With this in mind, the MQ-25 is configured so its eyes are looking at the yellow shirt, and the aircraft has a series of light signals that let the taxi director know that the actual operator of the aircraft — located on the carrier — is seeing every signal the yellow shirt is giving them.
This capability, along with a host of others such as the MQ-25’s ability to seamlessly integrate with existing systems, and its exceptional ISR overwatch endurance, were all designed with the Navy’s needs in mind, according to Weiss.
"Everything that we have done on developing the MQ-25 configuration has been focused on providing a low risk solution for the Navy," Weiss says.
Video footage of the Lockheed MQ-25 concept can be seen here.
USPTO issues patent for HorseFly Truck Launched Drone Package Delivery System
The United States Patent and Trademark Office (USPTO) has issued a patent for the HorseFly Truck Launched Drone Package Delivery System, according to American technology company Workhorse Group Inc.
The HorseFly UAS Delivery System, which is a "custom-built, high efficiency" delivery UAS, is fully integrated with the Workhorse line of electric/hybrid delivery trucks, and it meets FAA guidelines for UAS operations in the United States.
"We feel that the patented HorseFly truck launched drone package delivery system is the first major change to the last mile delivery process since the invention of the package delivery truck. Drivers appreciate the fact that the HorseFly system is fast, reliable, and efficient," says Steve Burns, Workhorse CEO.
"Last mile package delivery is changing, and the HorseFly delivery system is leading the way."
Being that it is fully integrated with Workhorse’s delivery trucks, the HorseFly system is designed to allow a driver or driver's assistant to maintain line-of-sight operation of the UAS delivery process.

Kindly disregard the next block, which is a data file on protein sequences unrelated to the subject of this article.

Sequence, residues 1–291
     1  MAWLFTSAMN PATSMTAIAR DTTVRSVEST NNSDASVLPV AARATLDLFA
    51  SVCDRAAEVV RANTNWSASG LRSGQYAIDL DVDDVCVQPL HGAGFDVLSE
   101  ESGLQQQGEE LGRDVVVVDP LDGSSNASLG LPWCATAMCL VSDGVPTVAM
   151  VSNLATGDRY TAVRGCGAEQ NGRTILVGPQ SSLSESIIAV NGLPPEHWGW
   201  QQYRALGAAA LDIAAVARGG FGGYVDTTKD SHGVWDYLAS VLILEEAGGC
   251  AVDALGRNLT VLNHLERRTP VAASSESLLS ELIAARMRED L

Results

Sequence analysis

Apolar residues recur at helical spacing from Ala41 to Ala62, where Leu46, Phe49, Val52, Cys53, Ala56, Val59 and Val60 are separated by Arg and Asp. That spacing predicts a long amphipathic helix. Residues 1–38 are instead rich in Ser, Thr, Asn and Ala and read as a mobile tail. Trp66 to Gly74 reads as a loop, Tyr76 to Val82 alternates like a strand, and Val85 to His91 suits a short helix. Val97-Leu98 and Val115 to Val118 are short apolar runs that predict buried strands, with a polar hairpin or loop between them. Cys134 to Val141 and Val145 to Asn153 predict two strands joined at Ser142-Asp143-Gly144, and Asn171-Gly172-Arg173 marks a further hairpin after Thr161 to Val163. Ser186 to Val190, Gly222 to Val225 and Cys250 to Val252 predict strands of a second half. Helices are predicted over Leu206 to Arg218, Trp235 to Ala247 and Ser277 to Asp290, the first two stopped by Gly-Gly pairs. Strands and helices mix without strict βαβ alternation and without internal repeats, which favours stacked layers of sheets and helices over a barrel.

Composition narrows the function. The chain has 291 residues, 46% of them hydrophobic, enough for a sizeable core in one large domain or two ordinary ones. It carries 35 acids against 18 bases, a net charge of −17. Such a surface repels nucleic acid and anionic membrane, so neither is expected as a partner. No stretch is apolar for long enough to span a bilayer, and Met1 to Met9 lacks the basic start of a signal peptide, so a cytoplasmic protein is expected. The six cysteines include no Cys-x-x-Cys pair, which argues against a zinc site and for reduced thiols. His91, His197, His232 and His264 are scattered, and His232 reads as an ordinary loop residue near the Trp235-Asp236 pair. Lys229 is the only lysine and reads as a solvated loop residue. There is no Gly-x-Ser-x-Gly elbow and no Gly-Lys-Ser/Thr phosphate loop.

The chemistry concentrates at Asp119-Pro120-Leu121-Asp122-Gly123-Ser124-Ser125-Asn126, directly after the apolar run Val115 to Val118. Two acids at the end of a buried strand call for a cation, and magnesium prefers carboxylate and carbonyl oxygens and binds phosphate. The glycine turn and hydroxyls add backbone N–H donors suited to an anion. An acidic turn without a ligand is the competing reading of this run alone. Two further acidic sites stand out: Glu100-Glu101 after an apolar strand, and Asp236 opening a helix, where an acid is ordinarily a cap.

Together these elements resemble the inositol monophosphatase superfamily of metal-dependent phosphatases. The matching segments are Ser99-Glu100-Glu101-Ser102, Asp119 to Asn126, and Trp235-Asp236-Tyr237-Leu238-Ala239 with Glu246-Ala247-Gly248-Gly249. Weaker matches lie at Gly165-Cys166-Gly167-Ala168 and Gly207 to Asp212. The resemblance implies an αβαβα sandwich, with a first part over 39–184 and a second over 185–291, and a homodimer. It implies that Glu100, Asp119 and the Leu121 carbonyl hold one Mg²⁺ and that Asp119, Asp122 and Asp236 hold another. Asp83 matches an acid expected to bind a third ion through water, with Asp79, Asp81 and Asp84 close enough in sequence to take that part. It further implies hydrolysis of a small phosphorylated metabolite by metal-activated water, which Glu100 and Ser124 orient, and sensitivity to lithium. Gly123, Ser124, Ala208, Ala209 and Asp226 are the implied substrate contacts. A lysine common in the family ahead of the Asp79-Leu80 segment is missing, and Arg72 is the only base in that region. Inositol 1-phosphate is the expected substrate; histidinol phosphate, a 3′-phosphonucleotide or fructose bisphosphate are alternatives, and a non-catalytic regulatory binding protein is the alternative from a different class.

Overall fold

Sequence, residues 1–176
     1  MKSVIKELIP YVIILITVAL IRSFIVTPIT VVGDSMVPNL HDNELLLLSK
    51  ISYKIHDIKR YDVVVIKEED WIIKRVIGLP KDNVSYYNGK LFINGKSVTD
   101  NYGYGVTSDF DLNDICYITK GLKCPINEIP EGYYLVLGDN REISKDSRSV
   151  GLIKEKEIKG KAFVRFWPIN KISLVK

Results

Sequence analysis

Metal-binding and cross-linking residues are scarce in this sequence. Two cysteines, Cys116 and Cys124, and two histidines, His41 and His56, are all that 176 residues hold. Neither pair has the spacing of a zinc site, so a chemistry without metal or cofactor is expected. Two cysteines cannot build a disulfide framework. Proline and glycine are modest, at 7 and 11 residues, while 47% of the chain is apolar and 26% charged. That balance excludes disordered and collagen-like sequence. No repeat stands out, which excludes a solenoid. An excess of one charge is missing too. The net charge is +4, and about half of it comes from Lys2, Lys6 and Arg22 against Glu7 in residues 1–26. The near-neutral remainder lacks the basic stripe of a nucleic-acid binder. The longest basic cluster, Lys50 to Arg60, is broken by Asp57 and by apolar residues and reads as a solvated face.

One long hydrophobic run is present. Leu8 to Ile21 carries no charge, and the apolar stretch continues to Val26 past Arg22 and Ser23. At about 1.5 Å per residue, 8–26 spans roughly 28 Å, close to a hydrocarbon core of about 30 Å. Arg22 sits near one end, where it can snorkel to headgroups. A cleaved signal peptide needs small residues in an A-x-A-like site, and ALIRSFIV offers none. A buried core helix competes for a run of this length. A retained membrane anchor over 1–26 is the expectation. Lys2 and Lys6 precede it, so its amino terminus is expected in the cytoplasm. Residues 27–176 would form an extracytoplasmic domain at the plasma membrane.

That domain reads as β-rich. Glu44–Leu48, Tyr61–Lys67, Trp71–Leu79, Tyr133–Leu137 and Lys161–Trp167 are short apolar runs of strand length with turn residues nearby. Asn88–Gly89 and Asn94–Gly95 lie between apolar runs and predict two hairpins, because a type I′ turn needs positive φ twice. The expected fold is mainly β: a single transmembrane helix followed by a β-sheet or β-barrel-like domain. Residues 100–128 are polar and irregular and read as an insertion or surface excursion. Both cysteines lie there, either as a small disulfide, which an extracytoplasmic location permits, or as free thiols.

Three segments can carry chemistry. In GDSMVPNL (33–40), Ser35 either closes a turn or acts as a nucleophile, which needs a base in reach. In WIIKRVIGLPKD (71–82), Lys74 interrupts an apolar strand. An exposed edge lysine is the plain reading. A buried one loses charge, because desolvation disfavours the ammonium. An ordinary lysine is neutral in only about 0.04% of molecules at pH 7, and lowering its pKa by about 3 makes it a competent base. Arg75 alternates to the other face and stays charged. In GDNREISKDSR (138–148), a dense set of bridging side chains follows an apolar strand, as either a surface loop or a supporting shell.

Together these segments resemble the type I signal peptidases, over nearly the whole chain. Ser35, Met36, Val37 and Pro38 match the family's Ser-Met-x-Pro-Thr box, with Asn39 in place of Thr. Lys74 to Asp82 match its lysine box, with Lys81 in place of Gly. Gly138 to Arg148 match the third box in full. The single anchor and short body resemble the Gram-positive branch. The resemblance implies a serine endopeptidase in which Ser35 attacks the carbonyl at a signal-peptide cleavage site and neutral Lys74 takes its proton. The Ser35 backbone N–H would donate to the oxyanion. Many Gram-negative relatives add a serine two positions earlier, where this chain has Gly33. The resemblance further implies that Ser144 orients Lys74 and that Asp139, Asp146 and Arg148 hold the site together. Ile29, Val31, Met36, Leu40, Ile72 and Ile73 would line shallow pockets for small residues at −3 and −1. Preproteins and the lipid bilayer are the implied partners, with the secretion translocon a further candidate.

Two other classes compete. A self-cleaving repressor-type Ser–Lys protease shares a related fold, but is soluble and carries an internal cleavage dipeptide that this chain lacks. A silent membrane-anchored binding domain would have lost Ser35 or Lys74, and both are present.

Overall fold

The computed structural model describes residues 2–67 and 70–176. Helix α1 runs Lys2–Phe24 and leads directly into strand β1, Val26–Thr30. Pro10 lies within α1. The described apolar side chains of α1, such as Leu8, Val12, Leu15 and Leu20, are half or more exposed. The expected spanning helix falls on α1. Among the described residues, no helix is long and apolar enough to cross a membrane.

Ultimately, the HorseFly UAS delivery system helps reduce driving time and allows for faster deliveries, resulting in significantly more efficiency in everyday delivery routes.
The patented HorseFly truck-launched UAS delivery system works as follows: "1) the truck delivery driver loads the package and launches the HorseFly drone, 2) the HorseFly drone autonomously launches from the roof of the delivery truck, proceeding to the delivery location, 3) at the delivery location the drone automatically descends and delivers the package, and 4) the HorseFly drone returns to the delivery truck at a planned stop and autonomously redocks and recharges for its next delivery."
"We feel that package delivery by drone is here," Burns says. "Soon your package may come to your home by HorseFly!"
Kongsberg Geospatial and Survae announce partnership to help UAS operators manage multiple UAS simultaneously
Ottawa-based Kongsberg Geospatial and Wilmington, North Carolina-based Survae have announced the integration of the Kongsberg Geospatial IRIS UAS Ground Control Station (GCS) with Survae’s digital asset management platform for geolocated video, imagery and data.
With this integration, a single operator will be able to seamlessly manage the real-time display and storage of multiple video streams from the multiple UAS being managed by the IRIS GCS.
In addition, videos will be meta-tagged and stored for "near real-time analysis or for post-mission archival search of missions flown."
"It is clear that future operations will require a single operator to be able to manage the data collection from multiple aircraft," says Eric Hesterman, CEO of Survae.
"The Kongsberg Geospatial IRIS GCS provides the ability to manage multiple aircraft and their sensors so Kongsberg is a very logical partner for us to provide an integrated solution for operators. Managing the data is the next challenge for the drone industry."
Using the Kongsberg Geospatial IRIS GCS technology, a single operator can simultaneously manage multiple UAS. The platform provides "real-time services" to enable BVLOS (beyond visual line-of-sight) operations, including real-time calculation of aircraft separation and line-of-sight for data communications.
Once integrated with Survae, IRIS GCS will provide a "seamless experience" for the operator to manage the many sensors that may be in the air at the same time. Ultimately, this "expanded post-mission retrieval and analysis capability" will greatly reduce the workload for UAS operators.
"We’re very pleased to be working with a partner like Survae," says Ranald McGillis, President of Kongsberg Geospatial.
"Our clients are telling us that real-time video management and storage is a great problem for them, and Survae provides a best-in-class solution to this growing need. Integrating our capabilities creates a seamless workflow from data collection to post-mission retrieval."